Twitter (or X following Elon Musk’s rebrand) is welcoming Kanye West back to its platform following an 8-month ban for violating a policy prohibiting the active incitement of violence. Musk has held himself out as a “free-speech absolutist” and has said that he is not a proponent of a lifetime ban for a user’s misuse of their account. West’s profile is not eligible for monetization or ad-sharing even though he has the gold checkmark, which usually confers both of those privileges. West was banned in October 2022 for making threats against Jewish people and posting an image of the Star of David with a swastika inside it.
According to an anonymous source’s account, West’s Twitter was reinstated after he made promises not to post any more anti-Semitic content on his account. Leaders of groups like the Anti-Defamation League, The Creative Community for Peace, and Stop AntiSemitism are not happy that West has had his account reactivated so casually. Jonathan Greenblatt, CEO of the Anti-Defamation League, tweeted his displeasure on June 29, “Absolutely sickening that antisemite Kanye West was unsuspended from Twitter/X and given a gold verification check mark. He’s done absolutely nothing to make amends.” Greenblatt also pointed out the rise in right-wing/extremist accounts on Twitter and asked the platform why it allows flagrant anti-Semitism on its platform.
Absolutely sickening that antisemite Kanye West was unsuspended from Twitter/X and given a gold verification check mark. He’s done absolutely nothing to make amends. https://t.co/a35edtRI5t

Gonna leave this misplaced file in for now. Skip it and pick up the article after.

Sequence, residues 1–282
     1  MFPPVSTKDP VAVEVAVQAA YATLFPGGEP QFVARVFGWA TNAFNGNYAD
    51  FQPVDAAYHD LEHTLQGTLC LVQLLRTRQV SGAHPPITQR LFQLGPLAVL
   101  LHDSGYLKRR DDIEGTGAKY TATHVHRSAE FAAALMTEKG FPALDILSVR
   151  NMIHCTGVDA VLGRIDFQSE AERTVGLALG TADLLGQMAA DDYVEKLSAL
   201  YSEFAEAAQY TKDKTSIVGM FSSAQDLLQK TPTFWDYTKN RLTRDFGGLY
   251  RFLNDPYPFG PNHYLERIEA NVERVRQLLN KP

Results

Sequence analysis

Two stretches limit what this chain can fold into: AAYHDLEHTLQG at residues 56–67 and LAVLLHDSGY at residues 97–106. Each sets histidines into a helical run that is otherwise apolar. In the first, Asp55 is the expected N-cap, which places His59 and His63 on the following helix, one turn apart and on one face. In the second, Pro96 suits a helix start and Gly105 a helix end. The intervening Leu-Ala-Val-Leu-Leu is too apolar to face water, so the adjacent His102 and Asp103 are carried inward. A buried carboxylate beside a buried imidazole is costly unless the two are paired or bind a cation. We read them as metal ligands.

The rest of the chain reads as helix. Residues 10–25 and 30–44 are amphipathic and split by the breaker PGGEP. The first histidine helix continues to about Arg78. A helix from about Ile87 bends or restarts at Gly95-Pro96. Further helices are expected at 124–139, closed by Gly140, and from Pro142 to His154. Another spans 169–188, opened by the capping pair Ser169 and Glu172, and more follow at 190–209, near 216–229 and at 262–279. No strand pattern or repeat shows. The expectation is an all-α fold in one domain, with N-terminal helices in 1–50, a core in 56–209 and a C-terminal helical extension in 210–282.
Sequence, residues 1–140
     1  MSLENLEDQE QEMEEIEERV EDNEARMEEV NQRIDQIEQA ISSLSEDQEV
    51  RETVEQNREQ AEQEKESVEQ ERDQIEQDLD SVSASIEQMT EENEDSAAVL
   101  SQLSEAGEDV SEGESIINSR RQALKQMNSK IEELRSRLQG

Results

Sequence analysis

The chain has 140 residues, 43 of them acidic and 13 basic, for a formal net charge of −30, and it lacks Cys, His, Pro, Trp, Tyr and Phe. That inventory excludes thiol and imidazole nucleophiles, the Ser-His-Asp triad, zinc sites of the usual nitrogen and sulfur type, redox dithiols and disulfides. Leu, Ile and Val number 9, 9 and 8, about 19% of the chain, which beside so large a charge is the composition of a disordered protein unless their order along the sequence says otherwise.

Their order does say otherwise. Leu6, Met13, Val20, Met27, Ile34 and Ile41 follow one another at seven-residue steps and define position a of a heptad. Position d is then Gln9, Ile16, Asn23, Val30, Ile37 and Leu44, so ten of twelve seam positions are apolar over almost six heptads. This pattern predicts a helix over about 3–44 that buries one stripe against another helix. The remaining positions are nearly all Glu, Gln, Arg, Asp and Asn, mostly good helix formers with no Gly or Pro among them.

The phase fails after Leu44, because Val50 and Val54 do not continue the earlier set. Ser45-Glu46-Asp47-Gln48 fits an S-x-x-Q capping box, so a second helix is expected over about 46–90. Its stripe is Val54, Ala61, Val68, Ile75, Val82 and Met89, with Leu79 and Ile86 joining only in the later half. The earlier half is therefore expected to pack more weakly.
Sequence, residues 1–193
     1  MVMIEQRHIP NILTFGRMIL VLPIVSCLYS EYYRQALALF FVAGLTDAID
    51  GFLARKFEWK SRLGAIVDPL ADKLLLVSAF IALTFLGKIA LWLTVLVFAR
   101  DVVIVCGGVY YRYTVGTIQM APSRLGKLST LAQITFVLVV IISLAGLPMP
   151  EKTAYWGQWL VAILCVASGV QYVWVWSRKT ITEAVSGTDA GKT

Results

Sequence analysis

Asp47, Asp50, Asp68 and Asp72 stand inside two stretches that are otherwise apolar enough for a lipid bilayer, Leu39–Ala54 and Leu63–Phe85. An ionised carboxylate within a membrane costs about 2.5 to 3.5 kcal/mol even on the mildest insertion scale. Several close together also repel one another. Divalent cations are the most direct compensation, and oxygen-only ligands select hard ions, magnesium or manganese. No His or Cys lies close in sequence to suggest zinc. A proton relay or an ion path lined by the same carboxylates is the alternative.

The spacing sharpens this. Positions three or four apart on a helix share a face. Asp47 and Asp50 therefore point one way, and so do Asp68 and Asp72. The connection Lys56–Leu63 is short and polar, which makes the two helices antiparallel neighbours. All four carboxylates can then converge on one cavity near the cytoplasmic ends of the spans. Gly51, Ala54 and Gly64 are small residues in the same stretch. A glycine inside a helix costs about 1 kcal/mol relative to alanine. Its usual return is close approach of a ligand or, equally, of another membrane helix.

— Jonathan Greenblatt (@JGreenblattADL) July 30, 2023
West has not made any tweets since his profile was reactivated. However, West’s reactivation is the latest indication that Twitter seems uninterested in curbing extremist views on its site. In January 2023, HateAid and the European Union of Jewish Students reported a series of tweets to the platform. Those tweets appeared to be in clear violation of the platform’s own guidelines but were not taken down, as reported by The Guardian. Since Twitter was threatened with a lawsuit over the tweets, they have since been taken down. Avital Grinberg from the EUJS describes what led their group to go after Twitter: “All our efforts and advocacy have led nowhere, and Twitter has become a space where antisemitism and Holocaust denial is just growing and growing. This is so much bigger than us, so we needed the biggest and strongest tool that democracy has to offer and that is the law.”